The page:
• A commitment to a totally integrated manufacturing enterprise.
  • A belief that seamless product realization from product design to the factory floor is a valid goal using an object-oriented approach compliant with protocols such as STEP and CORBA.
  • A commitment to features as an optimum way to represent product requirements and as the mechanism for creation of a single solid model that drives all downstream applications for a given product.
  • An affirmation that modular, adaptable, reconfigurable technologies, both hardware and software, produced to open specifications, is the best approach for the common good.

Who has benefited from TEAM? Certainly DOE has received significant benefits with TEAM methodologies and tools being applied to making weapons components, but throughout the life of the TEAM project, the focus was on tools that benefit all manufacturers. Direct benefits to industry were realized as individual companies responded to the opportunity to apply TEAM tools. In a material removal demonstration, General Motors Powertrain Division piloted the design for manufacturing tools in making engine parts and used direct comparison with tools normally used in producing these parts. These tools included a new open architecture control that approached compatibility with TEAM's application programming interface (API).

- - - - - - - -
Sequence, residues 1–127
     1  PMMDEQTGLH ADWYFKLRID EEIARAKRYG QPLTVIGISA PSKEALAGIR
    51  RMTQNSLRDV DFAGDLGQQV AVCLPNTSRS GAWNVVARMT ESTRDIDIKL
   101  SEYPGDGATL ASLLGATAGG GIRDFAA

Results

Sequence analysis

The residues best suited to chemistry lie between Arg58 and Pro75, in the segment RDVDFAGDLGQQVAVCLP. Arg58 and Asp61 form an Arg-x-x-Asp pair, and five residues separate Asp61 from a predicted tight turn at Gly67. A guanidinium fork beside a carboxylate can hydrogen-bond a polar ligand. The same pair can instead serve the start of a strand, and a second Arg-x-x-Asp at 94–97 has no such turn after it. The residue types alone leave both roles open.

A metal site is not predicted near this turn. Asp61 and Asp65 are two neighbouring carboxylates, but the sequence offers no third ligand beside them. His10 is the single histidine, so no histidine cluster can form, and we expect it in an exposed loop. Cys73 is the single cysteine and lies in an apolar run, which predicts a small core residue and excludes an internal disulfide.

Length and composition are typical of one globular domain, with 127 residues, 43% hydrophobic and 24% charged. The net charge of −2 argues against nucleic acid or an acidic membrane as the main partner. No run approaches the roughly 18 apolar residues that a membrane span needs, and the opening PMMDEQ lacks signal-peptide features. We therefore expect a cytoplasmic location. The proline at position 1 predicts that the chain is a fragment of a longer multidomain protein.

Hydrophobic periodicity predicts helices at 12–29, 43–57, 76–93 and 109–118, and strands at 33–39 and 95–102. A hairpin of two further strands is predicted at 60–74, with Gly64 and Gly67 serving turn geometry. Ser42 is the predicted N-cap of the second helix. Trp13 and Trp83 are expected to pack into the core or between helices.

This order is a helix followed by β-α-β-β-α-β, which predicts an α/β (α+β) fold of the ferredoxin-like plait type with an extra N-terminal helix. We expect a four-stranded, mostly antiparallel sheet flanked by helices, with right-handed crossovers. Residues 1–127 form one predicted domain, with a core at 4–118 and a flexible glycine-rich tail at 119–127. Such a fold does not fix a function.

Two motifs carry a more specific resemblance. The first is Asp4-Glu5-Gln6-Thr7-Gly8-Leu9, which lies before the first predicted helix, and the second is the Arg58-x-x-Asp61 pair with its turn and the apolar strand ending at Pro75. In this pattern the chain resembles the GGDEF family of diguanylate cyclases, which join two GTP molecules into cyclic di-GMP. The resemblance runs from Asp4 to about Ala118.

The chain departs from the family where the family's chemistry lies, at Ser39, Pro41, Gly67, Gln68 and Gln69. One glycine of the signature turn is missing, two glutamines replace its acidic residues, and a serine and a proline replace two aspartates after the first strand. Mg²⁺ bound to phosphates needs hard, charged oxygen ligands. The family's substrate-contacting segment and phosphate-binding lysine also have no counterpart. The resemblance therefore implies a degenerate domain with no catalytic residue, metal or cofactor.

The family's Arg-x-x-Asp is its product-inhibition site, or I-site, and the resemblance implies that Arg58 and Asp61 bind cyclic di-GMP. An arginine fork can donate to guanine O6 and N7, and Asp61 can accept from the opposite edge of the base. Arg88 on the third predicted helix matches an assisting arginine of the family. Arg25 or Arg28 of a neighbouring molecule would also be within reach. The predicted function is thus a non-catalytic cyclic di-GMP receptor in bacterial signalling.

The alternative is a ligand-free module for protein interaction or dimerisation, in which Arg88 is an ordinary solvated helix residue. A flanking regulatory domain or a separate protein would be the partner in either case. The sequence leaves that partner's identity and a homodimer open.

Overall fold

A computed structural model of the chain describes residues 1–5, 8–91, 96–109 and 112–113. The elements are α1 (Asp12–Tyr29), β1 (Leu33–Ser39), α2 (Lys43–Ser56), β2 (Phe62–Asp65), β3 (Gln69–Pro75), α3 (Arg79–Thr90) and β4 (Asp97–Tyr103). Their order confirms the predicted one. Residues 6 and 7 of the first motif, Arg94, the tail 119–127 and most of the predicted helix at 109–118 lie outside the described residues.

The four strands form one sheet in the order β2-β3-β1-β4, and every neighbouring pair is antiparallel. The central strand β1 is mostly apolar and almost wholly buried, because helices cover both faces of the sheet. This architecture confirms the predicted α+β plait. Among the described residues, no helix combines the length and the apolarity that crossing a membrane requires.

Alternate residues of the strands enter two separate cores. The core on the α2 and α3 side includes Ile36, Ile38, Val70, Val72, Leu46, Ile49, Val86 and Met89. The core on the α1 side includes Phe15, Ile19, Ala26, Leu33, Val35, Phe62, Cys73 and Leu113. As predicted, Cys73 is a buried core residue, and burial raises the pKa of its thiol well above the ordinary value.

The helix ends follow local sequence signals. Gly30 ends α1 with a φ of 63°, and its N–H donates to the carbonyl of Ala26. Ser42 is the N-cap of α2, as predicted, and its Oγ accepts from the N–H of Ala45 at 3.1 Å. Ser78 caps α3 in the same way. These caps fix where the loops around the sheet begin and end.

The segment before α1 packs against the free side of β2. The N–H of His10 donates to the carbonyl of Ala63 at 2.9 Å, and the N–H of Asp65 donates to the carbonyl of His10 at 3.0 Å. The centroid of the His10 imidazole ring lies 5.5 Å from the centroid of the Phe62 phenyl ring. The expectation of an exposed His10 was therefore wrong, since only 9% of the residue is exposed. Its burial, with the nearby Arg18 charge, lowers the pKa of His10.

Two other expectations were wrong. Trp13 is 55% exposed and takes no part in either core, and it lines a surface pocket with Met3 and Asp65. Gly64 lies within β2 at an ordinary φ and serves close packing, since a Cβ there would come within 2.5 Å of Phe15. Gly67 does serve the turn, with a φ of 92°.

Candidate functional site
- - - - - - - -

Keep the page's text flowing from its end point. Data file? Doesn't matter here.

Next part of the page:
Other demonstrations included Pratt & Whitney's application of the modeling and simulation tools of TEAM in the development of a die set for forming a jet engine exhaust nozzle and demonstrating a 6 to 1 reduction in design to manufacturing time.

Rockwell-Collins is applying the TEAM tools and methodology in a joint program for the collaborative design of radio frequency components. Hughes Missile Division, now Raytheon Defense Systems, evaluated the TEAM approach and applied the methodology and tools in a new design center.

TYCOM Corporation implemented the TEAM developed Web Integration Manager as a foundation for their integrated enterprise. All of these companies have realized benefits as they embraced the opportunity for change and applied TEAM tools within their enterprises.

TEAM has also made an impact on U.S. manufacturing technology. Organizations such as the National Institute of Standards and Technology (NIST) were strong TEAM partners and are utilizing the TEAM foundation in influencing their technology programs.

The National Center for Manufacturing Sciences (NCMS) has embraced the TEAM planning documents and has utilized these plans in defining its projects. The National Science Foundation has encouraged proposals from academic institutions that address the needs identified but yet to be provided. In addition, the Next Generation Manufacturing (NGM) project and TEAM's follow-on project, Integrated Manufacturing Technology Roadmapping (IMTR), are both strongly TEAM influenced. The TEAM formal program has ended but the vision will live through these projects.

The complete TEAM final report can be accessed on its website at (